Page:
Approximately three months after the program began, the six pilot DRCs had received referrals for 2,392 households, opened 1,627 cases, and completed 860, according to LaDessa Croucher, senior director of Dispute Resolution Centers for Volunteers of America Western Washington.
“The Unlawful Detainer Workgroup is reviewing forms, notices, and procedures based on the pilot experience to date,” Croucher said via email. “We expect to have revised guidance soon. Overall, tenants are mostly scared, confused, and incredibly grateful that assistance is available. Landlords are grateful we will help them connect to the tenant with rent assistance, information[,] and legal resources.”
As much as a bottleneck at a DRC can delay or prevent a client from connecting with a lawyer, the reverse is also an issue.
“Suddenly our ERP [Eviction Resolution Program] program can’t do anything because our job as a DRC is to get that tenant connected to a lawyer,” said Leslie Ann Grove, executive director of Northwest Mediation Center in Spokane. “And if we can’t get them connected to a lawyer then everything stops.”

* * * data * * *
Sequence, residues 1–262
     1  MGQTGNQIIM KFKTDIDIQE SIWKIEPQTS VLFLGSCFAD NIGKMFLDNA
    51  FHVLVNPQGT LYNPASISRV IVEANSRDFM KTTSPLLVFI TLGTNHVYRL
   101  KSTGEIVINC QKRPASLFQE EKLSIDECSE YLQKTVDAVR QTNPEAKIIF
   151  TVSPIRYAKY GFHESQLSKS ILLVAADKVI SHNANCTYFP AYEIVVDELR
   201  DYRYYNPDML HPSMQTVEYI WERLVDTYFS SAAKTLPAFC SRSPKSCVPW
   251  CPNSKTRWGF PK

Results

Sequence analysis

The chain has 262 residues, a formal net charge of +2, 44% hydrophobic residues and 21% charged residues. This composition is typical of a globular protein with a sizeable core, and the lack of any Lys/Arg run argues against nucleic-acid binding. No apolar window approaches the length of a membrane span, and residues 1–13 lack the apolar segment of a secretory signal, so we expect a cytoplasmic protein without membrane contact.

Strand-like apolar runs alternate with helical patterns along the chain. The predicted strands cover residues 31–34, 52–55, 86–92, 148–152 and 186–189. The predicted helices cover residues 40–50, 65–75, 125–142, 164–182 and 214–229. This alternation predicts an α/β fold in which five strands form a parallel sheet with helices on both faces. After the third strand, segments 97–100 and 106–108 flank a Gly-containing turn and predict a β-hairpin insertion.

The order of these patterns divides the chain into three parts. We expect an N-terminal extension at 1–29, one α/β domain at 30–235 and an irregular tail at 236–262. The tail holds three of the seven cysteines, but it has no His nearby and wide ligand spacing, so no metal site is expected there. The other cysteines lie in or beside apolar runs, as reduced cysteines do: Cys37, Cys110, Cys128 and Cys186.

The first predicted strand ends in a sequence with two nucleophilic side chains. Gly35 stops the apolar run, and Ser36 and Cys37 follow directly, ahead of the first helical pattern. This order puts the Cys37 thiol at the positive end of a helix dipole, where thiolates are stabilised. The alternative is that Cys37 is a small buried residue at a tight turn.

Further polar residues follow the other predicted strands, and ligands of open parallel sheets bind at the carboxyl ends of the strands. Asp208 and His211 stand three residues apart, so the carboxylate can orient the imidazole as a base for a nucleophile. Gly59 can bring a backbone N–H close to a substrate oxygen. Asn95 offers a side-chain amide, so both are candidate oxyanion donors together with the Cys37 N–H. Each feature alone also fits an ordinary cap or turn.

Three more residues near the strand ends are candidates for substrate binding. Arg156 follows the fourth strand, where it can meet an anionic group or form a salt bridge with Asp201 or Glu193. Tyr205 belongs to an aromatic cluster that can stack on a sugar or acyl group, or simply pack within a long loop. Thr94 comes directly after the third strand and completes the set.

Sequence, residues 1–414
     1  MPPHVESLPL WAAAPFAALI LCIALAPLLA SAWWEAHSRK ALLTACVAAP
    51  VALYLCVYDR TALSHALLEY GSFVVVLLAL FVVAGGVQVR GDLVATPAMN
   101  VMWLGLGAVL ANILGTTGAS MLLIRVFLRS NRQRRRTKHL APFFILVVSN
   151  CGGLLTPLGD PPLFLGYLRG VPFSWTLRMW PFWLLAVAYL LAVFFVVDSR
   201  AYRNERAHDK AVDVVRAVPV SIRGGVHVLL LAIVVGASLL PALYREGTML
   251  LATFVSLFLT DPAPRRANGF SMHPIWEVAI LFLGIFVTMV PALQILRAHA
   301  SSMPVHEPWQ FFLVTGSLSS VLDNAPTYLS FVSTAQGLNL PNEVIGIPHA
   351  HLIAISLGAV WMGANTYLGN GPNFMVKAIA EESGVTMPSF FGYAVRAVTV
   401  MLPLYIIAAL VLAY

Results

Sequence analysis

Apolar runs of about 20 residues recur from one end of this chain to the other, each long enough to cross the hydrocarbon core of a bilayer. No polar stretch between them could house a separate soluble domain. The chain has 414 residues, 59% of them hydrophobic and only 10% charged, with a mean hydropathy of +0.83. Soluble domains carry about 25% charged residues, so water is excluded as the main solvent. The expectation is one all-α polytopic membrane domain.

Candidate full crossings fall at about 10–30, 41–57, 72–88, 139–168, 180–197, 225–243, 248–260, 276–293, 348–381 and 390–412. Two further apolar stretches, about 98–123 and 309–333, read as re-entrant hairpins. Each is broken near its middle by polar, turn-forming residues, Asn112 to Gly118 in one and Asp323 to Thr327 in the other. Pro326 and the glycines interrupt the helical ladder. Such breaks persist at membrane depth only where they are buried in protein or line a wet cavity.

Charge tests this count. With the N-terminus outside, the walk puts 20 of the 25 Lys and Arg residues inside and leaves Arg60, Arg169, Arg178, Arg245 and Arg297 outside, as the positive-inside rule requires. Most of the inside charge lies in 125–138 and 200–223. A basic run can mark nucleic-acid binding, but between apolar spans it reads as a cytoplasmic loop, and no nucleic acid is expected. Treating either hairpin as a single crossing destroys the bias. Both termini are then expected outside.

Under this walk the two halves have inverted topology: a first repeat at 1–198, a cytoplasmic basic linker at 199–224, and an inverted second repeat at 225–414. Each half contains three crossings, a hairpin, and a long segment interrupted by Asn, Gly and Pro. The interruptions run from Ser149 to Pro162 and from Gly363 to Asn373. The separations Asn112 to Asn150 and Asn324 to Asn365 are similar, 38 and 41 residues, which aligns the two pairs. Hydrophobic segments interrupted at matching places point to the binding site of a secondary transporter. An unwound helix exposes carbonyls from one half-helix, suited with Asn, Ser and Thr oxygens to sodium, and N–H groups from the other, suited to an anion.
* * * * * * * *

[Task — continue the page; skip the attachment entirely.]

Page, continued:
Then there are the changing rules to navigate as program officials attempt to patch problems as they emerge.
“There are just so many moving pieces and it is frustrating for all of us, and the rules keep changing for our programs because of the discoveries made along the way,” Grove said.
The Dispute Resolution Center of King County has also received more than its usual caseload and, according to Implementation Project Manager Sue McCarthy, the first wave of its referrals reflected racial disparities, it being clear that “this is not representative of the demographics of the county.”
After becoming aware of the disparity, that DRC began intentionally partnering with grassroots organizers and targeting distressed ZIP codes.